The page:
26 April 2018

Today’s Homily

Service of Prayer and Preaching, p. 260ff.

Reading: 1 Cor. 15:12–28

1 Corinthians 15:12–28 (ESV): 12 Now if Christ is proclaimed as raised from the dead, how can some of you say that there is no resurrection of the dead? 13 But if there is no resurrection of the dead, then not even Christ has been raised. 14 And if Christ has not been raised, then our preaching is in vain and your faith is in vain. 15 We are even found to be misrepresenting God, because we testified about God that he raised Christ, whom he did not raise if it is true that the dead are not raised. 16 For if the dead are not raised, not even Christ has been raised. 17 And if Christ has not been raised, your faith is futile and you are still in your sins. 18 Then those also who have fallen asleep in Christ have perished. 19 If in Christ we have hope in this life only, we are of all people most to be pitied. 

20 But in fact Christ has been raised from the dead, the firstfruits of those who have fallen asleep. 21 For as by a man came death, by a man has come also the resurrection of the dead. 22 For as in Adam all die, so also in Christ shall all be made alive. 23 But each in his own order: Christ the firstfruits, then at his coming those who belong to Christ. 24 Then comes the end, when he delivers the kingdom to God the Father after destroying every rule and every authority and power. 25 For he must reign until he has put all his enemies under his feet. 26 The last enemy to be destroyed is death. 27 For "God has put all things in subjection under his feet." But when it says, "all things are put in subjection," it is plain that he is excepted who put all things in subjection under him. 28 When all things are subjected to him, then the Son himself will also be subjected to him who put all things in subjection under him, that God may be all in all.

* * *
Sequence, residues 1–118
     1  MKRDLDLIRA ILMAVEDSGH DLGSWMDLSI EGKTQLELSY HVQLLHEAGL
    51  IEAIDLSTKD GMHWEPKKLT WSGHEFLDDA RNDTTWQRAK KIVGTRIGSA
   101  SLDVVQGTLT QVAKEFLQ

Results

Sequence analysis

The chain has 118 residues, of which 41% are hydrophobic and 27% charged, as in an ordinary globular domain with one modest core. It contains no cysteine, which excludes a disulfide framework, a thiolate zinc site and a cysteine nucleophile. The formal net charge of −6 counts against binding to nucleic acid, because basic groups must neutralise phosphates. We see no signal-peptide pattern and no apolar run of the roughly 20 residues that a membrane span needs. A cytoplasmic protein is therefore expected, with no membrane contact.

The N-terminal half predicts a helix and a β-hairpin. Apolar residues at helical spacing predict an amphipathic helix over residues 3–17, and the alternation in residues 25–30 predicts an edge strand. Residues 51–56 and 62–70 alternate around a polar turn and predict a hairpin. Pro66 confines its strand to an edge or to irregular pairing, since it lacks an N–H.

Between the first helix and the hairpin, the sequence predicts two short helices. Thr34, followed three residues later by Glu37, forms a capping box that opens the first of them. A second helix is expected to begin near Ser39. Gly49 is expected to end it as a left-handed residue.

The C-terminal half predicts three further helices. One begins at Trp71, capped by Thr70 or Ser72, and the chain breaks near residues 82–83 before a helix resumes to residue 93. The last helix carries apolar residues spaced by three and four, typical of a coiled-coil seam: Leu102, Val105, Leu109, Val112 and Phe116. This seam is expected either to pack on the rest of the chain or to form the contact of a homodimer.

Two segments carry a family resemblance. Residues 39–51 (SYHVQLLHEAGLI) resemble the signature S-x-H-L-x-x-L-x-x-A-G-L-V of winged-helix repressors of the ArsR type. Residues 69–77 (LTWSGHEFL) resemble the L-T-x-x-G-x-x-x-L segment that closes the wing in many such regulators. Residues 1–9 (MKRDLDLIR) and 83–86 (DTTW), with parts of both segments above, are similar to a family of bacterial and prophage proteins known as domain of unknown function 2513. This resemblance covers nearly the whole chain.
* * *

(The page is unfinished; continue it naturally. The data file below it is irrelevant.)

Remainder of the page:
Responsory: p. 263


In the name of the Father and of the + Son and of the Holy Spirit. Amen.

A couple months ago someone said it to me again. I'd heard it a thousand times before: "I just don't know how those without faith get through it." And I remember that it hit me rather like a ton of bricks that I don't believe what that implies. I don't believe that our faith makes facing death easier. In fact, I think our faith makes it harder. 

We are surrounded by people who are convinced that death is simply the last stage of life. That it may send you off on a journey or it just may be the end of you. Either way, it's fine. To have lived and loved and breathed and known others and been loved, hey, what more could you ask for? Like Socrates sipping the hemlock in complete equanimity, like those who have been catechized by John Lennon's song Imagine. Death happens. It's natural. It's all good. That's NOT hard. That's easy.

You want hard? You stand by the coffin of someone you love and you look long and hard at that body which no amount of makeup from the undertaker can disguise as being, to quote the Munchkins, not just really dead, but really most sincerely dead. To stand by that and say: Nevertheless this body will be raised again. And to believe that. That's not just hard. That's impossible. That's crazy. 

You want the proof? Read the New Testament. That entire collection of documents is about a bunch of guys having their minds blown by seeing a man they knew and loved die, really die, dead and buried dead, and then encountering him again. Not his spirit, not his mind, but his body. Yeah, doing weird stuff with that body that they couldn't begin to fathom, but THE fact that just seemed so impossible was that it was his real body, the one with the prints of the nails and the hole in the side. His body, not just animated like a zombie, but incorruptible. Alive forevermore. Yeah, they KNEW it sounded crazy. They KNEW it sounded impossible. They KNEW it was hard, not easy. And none better than the man who wrote the words of our reading today.